Recently I had a stray thought. Suddenly I remembered my old schoolbook in Latin, and one of the most peculiar things about it: its seemingly random fascination with the word "circumspecto". At the time, it was just another Latin word, but with a bit of hindsight it has taken a rather strange turn.
It was one of those nicely laid out books, which introduced one thing at a time. Which is a phenomenal way to ease people into a language, but which also portrays the poor Romans in a rather strange way.
For one thing - didn't the Romans do anything else than just look around in general?
Page after page, the only thing that happened was something like this: Roman1 entered the stage and looked around (with successively increasing degrees of grammatical complexity), and after a while started talking to Roman2 for a bit. Exit stage. (If you are thinking the words "lazy writing", you are indeed reading my mind.)
If one based one's view of the Romans on this reading alone, one would quickly conclude that the most important aspect of the roman way of life was the activity of looking around at things. The political structure was based on this activity, and the constant expansion outwards was a direct result of the desire for new things to look at. But it was a very hands off process - they just looked at the barbarians until expansion happened, and then talked about it. Which, also, is the reason they loved rhetoric so much.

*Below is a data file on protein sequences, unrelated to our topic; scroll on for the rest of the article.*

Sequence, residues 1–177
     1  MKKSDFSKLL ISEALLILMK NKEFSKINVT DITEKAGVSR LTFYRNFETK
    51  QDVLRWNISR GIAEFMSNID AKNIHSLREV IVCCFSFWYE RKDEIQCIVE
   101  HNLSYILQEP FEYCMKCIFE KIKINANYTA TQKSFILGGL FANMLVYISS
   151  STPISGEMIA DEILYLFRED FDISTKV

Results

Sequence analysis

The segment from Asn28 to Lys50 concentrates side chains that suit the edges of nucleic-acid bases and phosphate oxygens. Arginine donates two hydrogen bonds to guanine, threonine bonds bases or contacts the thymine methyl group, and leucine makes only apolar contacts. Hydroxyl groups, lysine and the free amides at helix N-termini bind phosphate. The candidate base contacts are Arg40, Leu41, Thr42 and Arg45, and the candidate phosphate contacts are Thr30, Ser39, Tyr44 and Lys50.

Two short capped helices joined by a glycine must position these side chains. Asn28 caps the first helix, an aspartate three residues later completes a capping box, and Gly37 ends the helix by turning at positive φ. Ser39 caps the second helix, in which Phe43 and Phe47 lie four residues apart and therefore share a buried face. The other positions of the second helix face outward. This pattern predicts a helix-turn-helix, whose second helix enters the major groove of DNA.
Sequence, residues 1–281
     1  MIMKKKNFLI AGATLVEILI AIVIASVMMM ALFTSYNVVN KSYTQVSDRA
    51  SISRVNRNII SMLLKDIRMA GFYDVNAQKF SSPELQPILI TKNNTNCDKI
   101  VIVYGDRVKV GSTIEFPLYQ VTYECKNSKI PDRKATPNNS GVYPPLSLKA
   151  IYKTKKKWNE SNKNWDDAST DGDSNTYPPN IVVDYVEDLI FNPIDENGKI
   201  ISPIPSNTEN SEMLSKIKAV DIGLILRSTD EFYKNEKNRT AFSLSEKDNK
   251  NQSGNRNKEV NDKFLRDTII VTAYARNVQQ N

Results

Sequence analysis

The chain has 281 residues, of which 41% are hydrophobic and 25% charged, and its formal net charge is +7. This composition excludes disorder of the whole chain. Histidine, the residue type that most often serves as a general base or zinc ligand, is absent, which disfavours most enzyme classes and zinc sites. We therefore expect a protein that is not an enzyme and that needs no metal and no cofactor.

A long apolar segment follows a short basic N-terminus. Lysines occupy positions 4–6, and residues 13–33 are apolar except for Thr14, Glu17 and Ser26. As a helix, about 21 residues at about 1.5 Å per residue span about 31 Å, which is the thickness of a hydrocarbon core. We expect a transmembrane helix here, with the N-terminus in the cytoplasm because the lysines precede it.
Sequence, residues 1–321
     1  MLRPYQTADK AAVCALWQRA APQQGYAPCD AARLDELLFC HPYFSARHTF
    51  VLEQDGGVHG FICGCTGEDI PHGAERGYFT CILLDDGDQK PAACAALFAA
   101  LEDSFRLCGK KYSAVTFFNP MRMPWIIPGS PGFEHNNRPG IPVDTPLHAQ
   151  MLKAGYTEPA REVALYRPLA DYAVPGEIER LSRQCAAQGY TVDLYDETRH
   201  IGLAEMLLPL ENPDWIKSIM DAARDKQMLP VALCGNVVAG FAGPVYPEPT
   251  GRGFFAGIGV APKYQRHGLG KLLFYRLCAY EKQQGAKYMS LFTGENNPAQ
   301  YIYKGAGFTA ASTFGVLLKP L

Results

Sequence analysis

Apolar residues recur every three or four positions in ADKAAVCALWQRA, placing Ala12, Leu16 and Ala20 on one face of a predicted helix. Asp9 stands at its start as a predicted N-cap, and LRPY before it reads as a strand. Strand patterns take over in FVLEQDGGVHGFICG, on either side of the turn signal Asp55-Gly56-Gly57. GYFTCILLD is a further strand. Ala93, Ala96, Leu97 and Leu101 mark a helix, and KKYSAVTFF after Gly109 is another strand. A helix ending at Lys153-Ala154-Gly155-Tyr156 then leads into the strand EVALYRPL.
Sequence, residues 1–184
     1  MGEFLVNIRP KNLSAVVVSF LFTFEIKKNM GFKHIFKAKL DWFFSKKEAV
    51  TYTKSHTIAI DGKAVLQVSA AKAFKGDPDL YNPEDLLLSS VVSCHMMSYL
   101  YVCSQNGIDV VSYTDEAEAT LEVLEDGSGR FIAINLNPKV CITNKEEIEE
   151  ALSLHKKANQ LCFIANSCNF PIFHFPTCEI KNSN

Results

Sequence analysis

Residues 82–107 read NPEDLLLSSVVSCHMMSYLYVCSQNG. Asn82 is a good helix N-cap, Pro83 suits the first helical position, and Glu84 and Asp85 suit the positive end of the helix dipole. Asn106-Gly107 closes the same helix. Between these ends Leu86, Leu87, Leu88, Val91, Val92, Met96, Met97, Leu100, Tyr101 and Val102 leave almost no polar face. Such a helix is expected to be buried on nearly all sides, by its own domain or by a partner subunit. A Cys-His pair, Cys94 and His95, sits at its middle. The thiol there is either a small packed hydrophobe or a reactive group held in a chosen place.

I am very tempted to turn this into a game. If only to be able to use the title MYST - ROMAN SUPERVISION.
For obvious reasons.
Now, this ex post facto reconstruction of what I read back in the days is not very original. It may be rather contrary to common sense, and there is a slight possibility that I'm the only one to ever have thought about the Romans in that way. Yet I'm still not very original in my method.
This is, after all, how it always works with our human memory processes. When things happen, they just happen as they happen, and are transformed into memories by way of magic. After a while, these memories start to morph. One thinks about them, integrates them into one's new worldviews, and massages them to fit the more present tense.
That internal monologue is quite a remixer. Especially when we tell others about what happened in the past, since we like to add a few details to our telling tale. Spice it up, make it more exciting, take the drudgery out of how it really was.
Like the Romans, out past slowly becomes supervisionary. Or, rather, revisionary.
Depending on one's point of view.